“Other evidence in the record, which included proof that the fire inside the house burned directly adjacent to that window, supports the trial court’s finding on that point. Further, the appellant had a key to the residence, as confirmed by his admission that he entered that evening to remove his clothing, and no evidence established that anyone else with a motive could have entered the locked residence and started the fire that night.”

Other evidence

“The appellant’s responses upon learning about the fire also implicated him as the criminal agent. When Kingery phoned him crying and reported that their house was on fire, he did nothing more than call her a ‘crazy bitch.’ When the appellant called her back that night and inquired about the fire, he asked only about the condition of the house, not about her children or the pets, and he refused to tell her his location. 

“Later, when Kingery’s mother saw the appellant’s truck driving slowly by the house at about 4:00 a.m., he immediately fled instead of stopping to check on the condition of the house or its residents. The fact finder could reasonably have inferred that an innocent person in the appellant’s position would have inquired about Kingery, her children, and their pets.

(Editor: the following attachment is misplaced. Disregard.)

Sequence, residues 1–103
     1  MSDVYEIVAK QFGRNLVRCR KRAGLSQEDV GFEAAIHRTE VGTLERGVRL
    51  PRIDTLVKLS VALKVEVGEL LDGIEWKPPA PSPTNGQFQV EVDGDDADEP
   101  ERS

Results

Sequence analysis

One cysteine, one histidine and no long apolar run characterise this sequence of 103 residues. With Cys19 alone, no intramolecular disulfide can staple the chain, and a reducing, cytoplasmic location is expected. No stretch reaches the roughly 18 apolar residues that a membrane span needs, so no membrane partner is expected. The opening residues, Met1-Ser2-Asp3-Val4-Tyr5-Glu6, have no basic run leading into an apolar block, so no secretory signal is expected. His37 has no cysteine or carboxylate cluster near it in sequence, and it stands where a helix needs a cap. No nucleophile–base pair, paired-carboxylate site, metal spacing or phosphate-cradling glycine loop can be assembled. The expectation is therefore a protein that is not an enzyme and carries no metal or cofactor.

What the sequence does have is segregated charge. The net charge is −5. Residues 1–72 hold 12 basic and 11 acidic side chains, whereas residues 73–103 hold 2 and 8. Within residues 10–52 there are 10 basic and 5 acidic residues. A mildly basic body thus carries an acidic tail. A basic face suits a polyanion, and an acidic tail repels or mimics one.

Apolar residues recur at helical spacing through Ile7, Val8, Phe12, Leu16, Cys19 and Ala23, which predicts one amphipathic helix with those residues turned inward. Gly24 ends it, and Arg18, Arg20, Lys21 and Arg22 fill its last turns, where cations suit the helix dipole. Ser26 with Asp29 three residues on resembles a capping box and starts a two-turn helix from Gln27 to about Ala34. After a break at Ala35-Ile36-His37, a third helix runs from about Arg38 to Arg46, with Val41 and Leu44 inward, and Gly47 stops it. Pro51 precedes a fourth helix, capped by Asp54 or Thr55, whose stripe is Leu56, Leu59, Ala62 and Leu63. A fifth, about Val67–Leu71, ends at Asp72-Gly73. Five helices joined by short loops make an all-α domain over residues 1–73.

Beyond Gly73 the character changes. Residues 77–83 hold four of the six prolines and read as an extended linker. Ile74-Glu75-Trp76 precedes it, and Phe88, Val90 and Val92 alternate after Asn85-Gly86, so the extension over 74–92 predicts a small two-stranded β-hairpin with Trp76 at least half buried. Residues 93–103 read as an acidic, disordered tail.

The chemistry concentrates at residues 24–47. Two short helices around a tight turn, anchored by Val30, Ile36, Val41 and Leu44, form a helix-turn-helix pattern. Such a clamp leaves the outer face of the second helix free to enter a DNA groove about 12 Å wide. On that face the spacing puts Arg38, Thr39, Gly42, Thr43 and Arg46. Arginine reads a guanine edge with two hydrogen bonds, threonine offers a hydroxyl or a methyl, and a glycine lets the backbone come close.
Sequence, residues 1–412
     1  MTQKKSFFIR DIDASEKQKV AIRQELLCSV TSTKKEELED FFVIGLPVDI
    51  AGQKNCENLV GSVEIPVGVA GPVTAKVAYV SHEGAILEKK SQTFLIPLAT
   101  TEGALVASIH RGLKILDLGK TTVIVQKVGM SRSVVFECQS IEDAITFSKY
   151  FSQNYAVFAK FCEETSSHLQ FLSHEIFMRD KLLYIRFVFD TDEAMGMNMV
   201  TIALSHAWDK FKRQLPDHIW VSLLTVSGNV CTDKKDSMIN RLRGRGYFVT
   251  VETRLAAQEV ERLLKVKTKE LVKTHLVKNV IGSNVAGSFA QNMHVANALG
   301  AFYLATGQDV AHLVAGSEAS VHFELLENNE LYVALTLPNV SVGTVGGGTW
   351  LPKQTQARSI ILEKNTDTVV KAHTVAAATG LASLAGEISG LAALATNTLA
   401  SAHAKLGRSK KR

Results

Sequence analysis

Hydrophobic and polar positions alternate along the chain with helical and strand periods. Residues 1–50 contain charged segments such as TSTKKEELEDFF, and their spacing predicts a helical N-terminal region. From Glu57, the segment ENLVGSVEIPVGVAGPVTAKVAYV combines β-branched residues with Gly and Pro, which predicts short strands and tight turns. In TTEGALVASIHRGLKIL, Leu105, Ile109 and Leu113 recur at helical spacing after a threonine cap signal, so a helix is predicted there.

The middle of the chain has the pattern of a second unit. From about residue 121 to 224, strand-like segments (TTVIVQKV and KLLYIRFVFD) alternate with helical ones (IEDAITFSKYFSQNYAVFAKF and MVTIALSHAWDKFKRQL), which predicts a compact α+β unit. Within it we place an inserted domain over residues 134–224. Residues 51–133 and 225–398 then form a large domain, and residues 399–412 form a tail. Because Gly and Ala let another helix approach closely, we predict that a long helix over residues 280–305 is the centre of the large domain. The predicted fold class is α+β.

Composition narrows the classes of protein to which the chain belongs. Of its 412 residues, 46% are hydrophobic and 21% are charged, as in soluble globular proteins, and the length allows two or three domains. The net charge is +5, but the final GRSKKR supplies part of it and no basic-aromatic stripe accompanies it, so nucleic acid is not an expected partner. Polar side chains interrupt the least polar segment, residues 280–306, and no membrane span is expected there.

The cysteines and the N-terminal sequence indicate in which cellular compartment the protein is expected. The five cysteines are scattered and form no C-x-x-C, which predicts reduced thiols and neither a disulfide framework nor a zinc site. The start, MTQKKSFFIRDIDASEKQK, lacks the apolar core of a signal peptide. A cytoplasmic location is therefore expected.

“It could also have concluded that an innocent person would have abandoned his anger and come to the house to offer comfort rather than merely driving by and fleeing when his truck was spotted.”


“[W]e hold that the evidence was sufficient to prove that the appellant was the criminal agent in the arson of the residence. 

“We also conclude that the appellant failed to preserve his challenge to the sufficiency of the evidence to prove a burning because he did not obtain a ruling on the issue in the trial court. 

“Finally, we conclude that the ends-of-justice exception to Rule 5A:18 does not apply because the evidence did not affirmatively prove that a burning of the dwelling or its fixtures did not occur. 

“Consequently, we affirm the appellant’s conviction.”

Blanding v. Commonwealth, Record No. 1339-19-2, Dec. 15, 2020. CAV (Decker) from Dinwiddie County Cir. Ct. (Teefey). Makiba Gaines for appellant, Kelsey M. Bulger for appellee. VLW 020-7-231, 17 pp. Unpublished.

VLW 020-7-231